By Zachary Fagenson
By Bill Citara
By Laine Doss
By Laine Doss
By Carina Ost
By Valeria Nekhim
By Hannah Sentenac
By Carina Ost
In 1991 Hectór Rolotti opened a modest little café in New York City called Novecento Soho. A few years later he instituted a more extensive bistro menu there, and since that time has added four more Novecentos in Argentina and Uruguay. Two months ago the sixth branch premiered on Alton Road in South Beach -- not exactly a Soho-ish street. In fact I don't believe the traffic-jammed, strip-malled Alton has ever housed a really successful nonchain restaurant, but crowds have been pouring into Novecento as consistently as Argentine pesos into Miami.
Refurbished furnishings from old Argentine restaurants conspire with ceiling fans, antique glass sconces, wooden blinds, and rustic wood flooring to lend an almost turn-of-the-century café ambiance to the 49-seat dining room. Novecento's simple, handsome coziness is not unlike that of Joe Allen's -- nor, for that matter, is its solid comfort food, good value, animated social scene, and desire to cater to the local clientele. Might just be that the best way to describe Novecento is as a Latin version of that favorite neighborhood restaurant.
The kitchen is headed by former Novecento Soho chef Gabriel Medici, whose influences come mostly from his native Argentina, especially the Rio de la Plata region that borders Uruguay and is noted for its Italian-Mediterranean foods. Yet perhaps because Novecento's menu includes a sprinkling of tropical and Asian dishes, the cuisine is referred to not as Argentine, but "Nuevo Bistro." There is absolutely nothing new about any of the seven appetizers -- quesadillas, empanadas, ceviche, fried calamari, sweetbreads, shrimp tempura, and a "Caprese" of tomato and mozzarella -- but those we tried (most of them) were fresh and tasty.
1414 Brickell Ave.
Miami, FL 33131
You can sample all the seafood starters in a combo plate called picada del mar, which included crisply fried calamari rings, marinated strips of raw salmon, a pair of lightly battered tempura shrimp highlighted by a spicy wasabi cream sauce, and a dry but tasty salmon ceviche set on tostone croutons -- an impeccably prepared plate, perfect for sharing.
Getting it delivered to our table was another matter. The clientele here is largely Latino, as is the waitstaff. They're a friendly group, and fulfill the basic requirements expected of them, but ability to communicate smoothly in English is not their strong suit. So when we informed the person who delivered a picada criolla (a combo of the meat-based appetizers) to our table that we had ordered the seafood picada, he replied that yes, this was the meat platter. When we repeated that we wanted the seafood, he proceeded to identify the individual meats -- "This is chorizo sausage, these are pan-roasted sweetbreads ..." Another worker swung by, and after again repeating our request, he told us that this was indeed the picada criolla, and a very good one at that. Our waitress then came by to let us know that if we wanted to we could keep the meat platter, and that she was sure we'd enjoy it. We finally did get the proper plate, and everyone was exceedingly amiable throughout the ordeal, but the linguistic mixups made me feel as though I were trapped inside an episode of Fawlty Towers.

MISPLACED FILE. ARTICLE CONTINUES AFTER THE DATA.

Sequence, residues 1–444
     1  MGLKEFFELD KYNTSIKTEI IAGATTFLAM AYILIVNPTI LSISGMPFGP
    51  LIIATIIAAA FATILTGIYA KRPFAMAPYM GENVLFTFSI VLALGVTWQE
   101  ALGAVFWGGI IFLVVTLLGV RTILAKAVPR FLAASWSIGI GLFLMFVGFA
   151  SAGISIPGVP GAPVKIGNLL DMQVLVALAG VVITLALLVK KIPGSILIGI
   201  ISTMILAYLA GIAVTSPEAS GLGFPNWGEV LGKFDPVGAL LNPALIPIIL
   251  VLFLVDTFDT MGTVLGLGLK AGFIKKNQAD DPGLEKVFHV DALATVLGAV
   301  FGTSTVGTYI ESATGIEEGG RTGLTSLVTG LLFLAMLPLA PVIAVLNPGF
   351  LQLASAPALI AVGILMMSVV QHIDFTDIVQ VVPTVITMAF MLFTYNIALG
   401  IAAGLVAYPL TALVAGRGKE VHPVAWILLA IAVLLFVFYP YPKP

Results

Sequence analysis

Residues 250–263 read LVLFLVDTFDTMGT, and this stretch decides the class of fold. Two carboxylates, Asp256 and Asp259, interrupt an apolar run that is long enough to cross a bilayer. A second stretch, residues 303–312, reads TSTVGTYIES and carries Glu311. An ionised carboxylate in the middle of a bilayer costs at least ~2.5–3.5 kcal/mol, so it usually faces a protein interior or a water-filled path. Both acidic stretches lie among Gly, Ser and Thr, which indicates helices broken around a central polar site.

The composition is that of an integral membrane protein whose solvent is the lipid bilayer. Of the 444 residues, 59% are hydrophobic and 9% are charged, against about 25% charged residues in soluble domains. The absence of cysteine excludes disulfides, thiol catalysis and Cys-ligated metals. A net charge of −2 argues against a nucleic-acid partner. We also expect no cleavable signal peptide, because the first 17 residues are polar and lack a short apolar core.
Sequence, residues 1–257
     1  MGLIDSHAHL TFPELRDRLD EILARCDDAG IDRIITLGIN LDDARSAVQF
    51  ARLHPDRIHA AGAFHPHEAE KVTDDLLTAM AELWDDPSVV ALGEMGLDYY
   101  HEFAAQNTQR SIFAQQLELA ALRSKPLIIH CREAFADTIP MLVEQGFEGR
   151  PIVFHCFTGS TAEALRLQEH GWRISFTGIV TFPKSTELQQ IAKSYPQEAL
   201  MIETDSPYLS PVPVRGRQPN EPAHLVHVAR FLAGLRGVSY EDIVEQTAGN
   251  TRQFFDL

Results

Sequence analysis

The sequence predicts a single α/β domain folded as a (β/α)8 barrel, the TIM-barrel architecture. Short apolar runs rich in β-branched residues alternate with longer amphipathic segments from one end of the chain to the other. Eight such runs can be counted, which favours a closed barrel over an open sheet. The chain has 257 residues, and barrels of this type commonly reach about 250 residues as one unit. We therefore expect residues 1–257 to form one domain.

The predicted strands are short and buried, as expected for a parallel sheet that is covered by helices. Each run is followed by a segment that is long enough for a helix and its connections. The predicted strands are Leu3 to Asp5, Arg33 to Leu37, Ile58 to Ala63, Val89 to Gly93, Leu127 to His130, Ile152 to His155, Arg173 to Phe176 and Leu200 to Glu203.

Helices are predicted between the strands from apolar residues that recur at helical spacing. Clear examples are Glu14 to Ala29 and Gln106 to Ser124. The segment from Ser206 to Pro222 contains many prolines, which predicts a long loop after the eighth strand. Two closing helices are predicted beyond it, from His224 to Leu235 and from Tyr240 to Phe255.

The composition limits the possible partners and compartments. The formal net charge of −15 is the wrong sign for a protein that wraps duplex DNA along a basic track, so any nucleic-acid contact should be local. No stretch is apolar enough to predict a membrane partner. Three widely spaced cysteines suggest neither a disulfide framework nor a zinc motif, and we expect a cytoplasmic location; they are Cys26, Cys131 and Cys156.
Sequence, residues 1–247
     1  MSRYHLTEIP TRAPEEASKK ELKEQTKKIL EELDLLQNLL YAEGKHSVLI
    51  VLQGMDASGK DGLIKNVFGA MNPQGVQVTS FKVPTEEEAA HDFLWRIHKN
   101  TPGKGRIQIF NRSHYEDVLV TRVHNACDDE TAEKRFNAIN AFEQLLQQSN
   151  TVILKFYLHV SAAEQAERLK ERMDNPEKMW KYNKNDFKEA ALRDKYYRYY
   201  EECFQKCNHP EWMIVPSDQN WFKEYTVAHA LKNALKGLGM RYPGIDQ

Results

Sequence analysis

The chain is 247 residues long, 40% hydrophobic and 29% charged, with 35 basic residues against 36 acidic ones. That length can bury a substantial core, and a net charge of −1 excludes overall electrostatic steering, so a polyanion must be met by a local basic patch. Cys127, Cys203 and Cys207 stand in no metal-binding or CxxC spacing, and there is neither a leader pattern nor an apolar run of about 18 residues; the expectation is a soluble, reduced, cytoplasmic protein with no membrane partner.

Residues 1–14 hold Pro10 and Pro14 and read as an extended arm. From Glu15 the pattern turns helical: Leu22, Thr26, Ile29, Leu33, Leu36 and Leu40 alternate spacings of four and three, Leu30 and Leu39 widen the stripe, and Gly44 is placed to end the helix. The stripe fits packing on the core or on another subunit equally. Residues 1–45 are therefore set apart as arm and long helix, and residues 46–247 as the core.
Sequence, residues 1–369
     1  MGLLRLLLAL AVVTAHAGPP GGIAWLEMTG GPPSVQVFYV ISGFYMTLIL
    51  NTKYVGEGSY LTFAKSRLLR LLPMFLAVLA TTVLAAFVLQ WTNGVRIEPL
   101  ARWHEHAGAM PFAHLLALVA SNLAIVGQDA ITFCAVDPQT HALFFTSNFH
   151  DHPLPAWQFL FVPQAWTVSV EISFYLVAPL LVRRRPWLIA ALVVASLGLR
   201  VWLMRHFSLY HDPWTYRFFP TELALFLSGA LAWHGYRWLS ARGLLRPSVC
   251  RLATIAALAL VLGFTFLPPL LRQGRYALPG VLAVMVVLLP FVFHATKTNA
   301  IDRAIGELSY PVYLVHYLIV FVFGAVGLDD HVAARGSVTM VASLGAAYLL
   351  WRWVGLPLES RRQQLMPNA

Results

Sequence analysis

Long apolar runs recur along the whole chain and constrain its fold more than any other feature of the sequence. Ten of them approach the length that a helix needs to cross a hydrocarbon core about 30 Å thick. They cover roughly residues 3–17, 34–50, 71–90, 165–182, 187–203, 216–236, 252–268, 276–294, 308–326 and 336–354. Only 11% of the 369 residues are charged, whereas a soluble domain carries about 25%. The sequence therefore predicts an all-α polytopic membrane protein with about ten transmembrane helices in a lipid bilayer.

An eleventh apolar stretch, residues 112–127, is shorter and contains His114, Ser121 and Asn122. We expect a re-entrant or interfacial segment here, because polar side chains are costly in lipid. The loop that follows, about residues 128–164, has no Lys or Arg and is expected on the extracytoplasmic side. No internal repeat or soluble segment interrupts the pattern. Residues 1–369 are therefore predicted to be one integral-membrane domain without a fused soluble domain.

We would, on another visit, sample a pair of beautifully browned empanadas, one filled with creamy chicken, another with sweet corn. Tender, pan-roasted slices of sweetbread in velvety demi-glace were likewise gratifying, but soup of the day, "carrot with curry," was cut with more allspice than curry, and lacked the most appealing characteristic of carrot soup -- the bright, sweet taste of carrots.
The menu comprises ten main courses, four pastas, and a nightly special, which on both our visits was grilled tuna with soy sauce and ginger. The regular-menu tuna sounded more tempting with yuca, jalapeños, avocado, and chimichurri salsa, but we opted for what turned out to be a deliciously moist wedge of pan-roasted grouper -- topped with a trio of shrimp, sided by a mound of maduros, and splashed with diced tomato, onions, basil, and lime juice.
Brown rice risotto sounded suspect, and was -- as in one of those lifeless vegetable dishes that causes one to suspect a hostility toward vegetarians. The brown rice wasn't risotto, of course, but regular brown rice. Routine vegetables included eggplant, tomatoes, carrots, onionzzzzzzz.... Positive impressions picked up again with the meat selections. Rib eye steak, filet mignon, and rack of lamb looked appealing at others' tables, but on our waiter's suggestion (assuming I understood correctly) we went with a steak au poivre. The demi-glace glazing on the steak was properly peppery, French fries on the side cleanly cooked, the meat darkly caramelized, full flavored, and thickly succulent -- about one-and-a-half-inches high. No bistro can boast a better steak/frites, and at $21 it puts to shame most of the $36 N.Y. strips found around town. An assertively grilled skirt steak with light, vinegary chimichurri sauce was another good choice, though accompanying mashed potatoes were watery and as bland as Dick Gephardt.
Many main courses come vegetable-free, but pasta entrées are packed with them -- fettuccine with spinach, arugula, and zucchini; penne with wild mushrooms; and farfalle with green peas, artichoke hearts, and shrimp. A simple spaghetti Caprese was delightful, the noodles firm, the tomato sauce slightly spicy and fearlessly flecked with fresh basil.